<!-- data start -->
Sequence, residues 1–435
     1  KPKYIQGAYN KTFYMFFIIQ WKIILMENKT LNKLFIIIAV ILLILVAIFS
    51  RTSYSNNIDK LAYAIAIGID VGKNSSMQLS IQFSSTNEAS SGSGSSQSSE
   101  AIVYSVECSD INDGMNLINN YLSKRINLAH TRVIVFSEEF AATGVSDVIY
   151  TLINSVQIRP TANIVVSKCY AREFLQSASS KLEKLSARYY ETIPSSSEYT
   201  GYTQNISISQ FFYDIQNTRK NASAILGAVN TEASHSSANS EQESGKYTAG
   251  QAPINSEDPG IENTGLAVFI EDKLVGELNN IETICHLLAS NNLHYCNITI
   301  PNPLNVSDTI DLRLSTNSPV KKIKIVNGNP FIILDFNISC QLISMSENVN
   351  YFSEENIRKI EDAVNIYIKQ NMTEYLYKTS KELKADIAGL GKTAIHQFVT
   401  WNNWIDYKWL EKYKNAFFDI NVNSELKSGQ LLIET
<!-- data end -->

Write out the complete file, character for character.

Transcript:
Sequence, residues 1–435
     1  KPKYIQGAYN KTFYMFFIIQ WKIILMENKT LNKLFIIIAV ILLILVAIFS
    51  RTSYSNNIDK LAYAIAIGID VGKNSSMQLS IQFSSTNEAS SGSGSSQSSE
   101  AIVYSVECSD INDGMNLINN YLSKRINLAH TRVIVFSEEF AATGVSDVIY
   151  TLINSVQIRP TANIVVSKCY AREFLQSASS KLEKLSARYY ETIPSSSEYT
   201  GYTQNISISQ FFYDIQNTRK NASAILGAVN TEASHSSANS EQESGKYTAG
   251  QAPINSEDPG IENTGLAVFI EDKLVGELNN IETICHLLAS NNLHYCNITI
   301  PNPLNVSDTI DLRLSTNSPV KKIKIVNGNP FIILDFNISC QLISMSENVN
   351  YFSEENIRKI EDAVNIYIKQ NMTEYLYKTS KELKADIAGL GKTAIHQFVT
   401  WNNWIDYKWL EKYKNAFFDI NVNSELKSGQ LLIET